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Calou's Blog
Cruising with the crew of CALOU on the Baja Ha-ha and Pacific Puddle Jump
Dual fuel filters

I added a second Racor diesel fuel filter/water separator, and plumbed them in with a couple valves so that one can switch from one filter to the other without shutting down the engine. This is important since I've heard the fuel in Baja can be dirty. Also installed a vacuum gauge on the fuel line to monitor the condition of the filters. When a filter is clogged, the gauge will show it.

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10/15/2006 | Ori Lahav
Hi Bruce
don't know if I notice that correctly in the picture, but is your diesel filters are above the engine exaust?

if so... it seems not safe to me. incase of a leak or during your maintenance they might dripp on the exaust and this is a very good reason for fire on board, which you probably want to prevent.

don't know if you can move them, if not just take high caution when handling them.

10/15/2006 | Bruce
thanks for your concern, but what you see is the air intake plenum on the starboard side of the engine. The exhaust is on the other (port) side.
The CYC Burgee
10/14/2006, CYC

Well, maybe you already have one, but this is a good way to test the image relay system, so there we go!

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180 degree items completed

Boat hardware should be secured in case of a rollover. A brass latch was installed to retain the companionway steps. Also, two brass latches were installed on the hatches for the house battery bank. So these items are secured in case of rollover.

Generally, concerning boat hardware, anything heavy must be secured so it doesn't come loose if the boat is inverted 180 degrees. First on this list are: batteries, stove, companionway steps. These are all now secured.

Also, both lazarettes have been secured with latches and weatherstripping, so that in case of capsize or flooding of the cockpit, the lazarettes are closed and watertight.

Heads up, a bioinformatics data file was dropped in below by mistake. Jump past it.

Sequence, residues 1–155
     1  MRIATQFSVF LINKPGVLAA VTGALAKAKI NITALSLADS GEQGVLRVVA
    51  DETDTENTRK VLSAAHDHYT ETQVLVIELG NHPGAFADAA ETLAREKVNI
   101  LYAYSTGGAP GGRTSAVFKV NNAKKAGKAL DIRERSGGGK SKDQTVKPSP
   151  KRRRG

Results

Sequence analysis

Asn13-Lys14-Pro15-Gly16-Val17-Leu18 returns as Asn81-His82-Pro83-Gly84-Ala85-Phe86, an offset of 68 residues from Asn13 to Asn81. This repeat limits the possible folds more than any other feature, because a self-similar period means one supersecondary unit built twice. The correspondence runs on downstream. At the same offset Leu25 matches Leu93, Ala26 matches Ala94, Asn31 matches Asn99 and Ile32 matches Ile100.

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Windlass installation completed
10/12/2006, Sausalito, CA

I completed the installation of the electric windlass, and its wiring. The photo shows the windlass mounted on the custom made bracket designed earlier. There's a switch in the anchor locker that raises or lowers the anchor. Next step is to get a new anchor rode; I'm thinking 150 ft of chain and 150 ft of nylon rode.

Meanwhile, Anderson's Boat yard is working on their stuff. The new prop shaft arrived today. Supposedly, tomorrow, the new prop shaft and dripless seal will be installed. Then we can reinstall the mast, after which I'll have to reconnect the wires for the radar and instruments.

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Photos from CALOU

this is a test

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Lee cloths

John also made the lee cloths. These have battens to keep the sides stiff, so fewer supporting lines will be needed. We used the same Sunbrella fabric.

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spinnaker bag

John designed and made a special bag for our spinnaker, so that it can be lashed to the deck (to save room below). The bag is elongated, designed to fit just forward of the mast. It has tabs on the corners so it can be lashed to the attachment points available on deck. It has a mesh bottom so it can drain water out. The rest is made of Sunbrella which is waterproof and UV resistant.

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Solar Panel wiring and Controller
10/11/2006, Sausalito, CA

As I mentioned, it turns out Anderson's says that the repair will be relatively simple and will be done by this Friday. So it's back to work in preparations.

Today I completed the installation of the wiring for the Solar Panel and its computerized controller. The controller (pictured above at right) converts the 28 volts, 7 amps from the solar panel to the 14 volts , 14 amps needed required for recharging, and is a 3-stage charger so overcharging of the batteries is not a worry. It has a digital display that indicates how many amps it's putting out. In the photo it's producing two amps--in the evening!

The black thing to the left of it is the circuit breaker for the electric windlass.

Crew member John made three lee cloths today and is working on an all-weather spinnaker bag so the spinnaker can be lashed to the deck.

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